According to Cannon, the proposal is not a complete ban on ideas that critically examine racism in the United States. As written, the proposal allows classroom instruction of some of these topics in “age-appropriate discussion settings” and without “giving deference to any one perspective.”
The new policy proposal also requires that Mead students understand “the history of white supremacy, including the institution of slavery, the eugenics movement, and the origins of the Ku Klux Klan, and the ways in which these systems of belief sowed division, caused tremendous and lasting harm, and how they have been combatted through peaceful protest, civic engagement, and the American courts.”
Cannon began considering a proposal to ban critical race theory a few years ago, he said. The theory, which has been studied since 1989, became a major political flashpoint in the 2020 presidential election and has remained a hot button topic in local school boards across the U.S.
Critics of critical race theory often contend that it is a political indoctrination of children that portrays the U.S. in an unflattering light. Proponents argue that the study takes an honest look at the history of the country.
Also on the school board’s agenda is a revision to an existing school district policy to ban materials related to gender studies (pages 115-120) from Mead School District’s elementary libraries.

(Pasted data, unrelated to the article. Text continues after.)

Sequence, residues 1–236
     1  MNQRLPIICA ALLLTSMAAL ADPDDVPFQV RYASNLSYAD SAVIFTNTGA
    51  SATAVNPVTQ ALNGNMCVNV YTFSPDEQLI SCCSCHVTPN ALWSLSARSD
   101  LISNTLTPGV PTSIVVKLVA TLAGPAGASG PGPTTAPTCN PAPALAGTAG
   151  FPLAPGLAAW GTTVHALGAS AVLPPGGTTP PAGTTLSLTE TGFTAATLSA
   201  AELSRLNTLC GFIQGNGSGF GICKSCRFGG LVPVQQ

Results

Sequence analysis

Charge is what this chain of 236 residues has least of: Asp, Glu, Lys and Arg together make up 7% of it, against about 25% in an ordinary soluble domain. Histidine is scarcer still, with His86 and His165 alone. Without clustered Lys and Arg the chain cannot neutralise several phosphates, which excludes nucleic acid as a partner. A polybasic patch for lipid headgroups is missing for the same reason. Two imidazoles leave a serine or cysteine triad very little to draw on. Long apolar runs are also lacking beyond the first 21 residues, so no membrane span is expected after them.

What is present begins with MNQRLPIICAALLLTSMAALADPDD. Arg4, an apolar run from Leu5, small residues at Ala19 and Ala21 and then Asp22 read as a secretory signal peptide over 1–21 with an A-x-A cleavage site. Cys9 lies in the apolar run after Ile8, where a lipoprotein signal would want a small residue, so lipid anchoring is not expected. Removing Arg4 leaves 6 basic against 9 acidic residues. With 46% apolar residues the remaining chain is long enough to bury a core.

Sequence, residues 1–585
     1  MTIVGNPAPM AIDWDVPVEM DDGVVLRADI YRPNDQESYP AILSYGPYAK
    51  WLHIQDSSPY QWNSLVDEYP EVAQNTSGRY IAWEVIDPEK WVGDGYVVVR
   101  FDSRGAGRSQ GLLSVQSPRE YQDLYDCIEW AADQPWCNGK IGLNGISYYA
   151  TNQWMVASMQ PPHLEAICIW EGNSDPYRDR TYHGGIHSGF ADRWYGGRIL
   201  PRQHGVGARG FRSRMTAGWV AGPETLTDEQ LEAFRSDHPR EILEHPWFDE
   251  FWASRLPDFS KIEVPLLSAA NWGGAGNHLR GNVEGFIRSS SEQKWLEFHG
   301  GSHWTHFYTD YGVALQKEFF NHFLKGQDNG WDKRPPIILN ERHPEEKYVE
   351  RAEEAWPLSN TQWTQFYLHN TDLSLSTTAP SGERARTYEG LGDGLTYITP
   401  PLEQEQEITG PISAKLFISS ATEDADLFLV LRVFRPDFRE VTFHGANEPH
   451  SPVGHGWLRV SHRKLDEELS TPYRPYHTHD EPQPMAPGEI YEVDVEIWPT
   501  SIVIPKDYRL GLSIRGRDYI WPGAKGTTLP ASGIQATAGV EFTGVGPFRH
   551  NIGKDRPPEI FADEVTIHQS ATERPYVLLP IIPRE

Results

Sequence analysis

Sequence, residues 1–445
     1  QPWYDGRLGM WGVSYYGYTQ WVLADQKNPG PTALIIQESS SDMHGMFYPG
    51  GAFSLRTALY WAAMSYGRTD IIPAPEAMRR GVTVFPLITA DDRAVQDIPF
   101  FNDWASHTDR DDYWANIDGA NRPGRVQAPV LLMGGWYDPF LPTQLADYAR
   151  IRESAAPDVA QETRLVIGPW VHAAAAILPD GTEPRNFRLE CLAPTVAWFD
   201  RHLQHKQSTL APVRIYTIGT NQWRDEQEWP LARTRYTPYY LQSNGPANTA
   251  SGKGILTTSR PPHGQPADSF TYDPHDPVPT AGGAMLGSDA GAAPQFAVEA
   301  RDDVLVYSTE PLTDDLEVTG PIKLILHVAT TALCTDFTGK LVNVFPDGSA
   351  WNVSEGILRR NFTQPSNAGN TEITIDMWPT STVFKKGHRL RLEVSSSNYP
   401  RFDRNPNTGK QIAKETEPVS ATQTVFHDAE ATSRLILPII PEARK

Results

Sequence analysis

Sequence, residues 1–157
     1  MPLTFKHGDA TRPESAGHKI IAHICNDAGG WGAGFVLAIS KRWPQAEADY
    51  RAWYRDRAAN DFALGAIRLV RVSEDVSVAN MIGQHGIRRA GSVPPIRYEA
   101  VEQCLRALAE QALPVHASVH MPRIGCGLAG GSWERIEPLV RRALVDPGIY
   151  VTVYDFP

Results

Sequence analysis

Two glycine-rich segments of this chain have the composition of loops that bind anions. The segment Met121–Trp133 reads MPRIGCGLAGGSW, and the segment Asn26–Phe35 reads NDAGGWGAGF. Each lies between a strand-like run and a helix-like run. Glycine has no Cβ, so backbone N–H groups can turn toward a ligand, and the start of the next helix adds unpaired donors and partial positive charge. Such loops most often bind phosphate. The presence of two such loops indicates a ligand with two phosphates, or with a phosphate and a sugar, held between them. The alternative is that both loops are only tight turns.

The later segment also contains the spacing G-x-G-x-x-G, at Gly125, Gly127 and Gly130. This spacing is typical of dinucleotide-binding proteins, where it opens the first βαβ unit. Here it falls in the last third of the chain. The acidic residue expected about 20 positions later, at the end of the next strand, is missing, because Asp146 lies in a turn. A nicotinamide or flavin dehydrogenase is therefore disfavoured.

The policy revision, also drafted by Cannon, seeks to ban materials that “include references to gender identity, gender fluidity, the gender spectrum, or gender-neutral ideology in any form.”
The policy revision came after a Spokane County Library book titled “Some People Do” was mistakenly returned to a Mead elementary school. The book includes references to gay, transgender and nonbinary people, and Cannon argues that it is inappropriate for children.
In her statement on Facebook, Duncan also said that preventing children from having conversations about gender and sexuality can alienate them from their communities and from their parents.
“You all have a responsibility not to shield kids from truth,” she said. “Your responsibility is to tell them the truth and provide them with the services that may be necessary after they learn the truth.”
Both proposals are scheduled for a first reading during Monday’s school board meeting at 6 p.m. and will not be voted on. The meeting will be held at Northwood Middle School, 12908 N. Pittsburg St.
Duncan said she would like to meet with Mead School Board members, as well as teachers and the superintendent to move the conversation forward. Cannon said he would agree to meet with Duncan but reiterated the intent of his policy is to teach a “complete and accurate history.”
Local journalism is essential.
Give directly to The Spokesman-Review's Northwest Passages community forums series -- which helps to offset the costs of several reporter and editor positions at the newspaper -- by using the easy options below. Gifts processed in this system are not tax deductible, but are predominately used to help meet the local financial requirements needed to receive national matching-grant funds.
Subscribe now to get breaking news alerts in your email inbox
Get breaking news delivered to your inbox as it happens.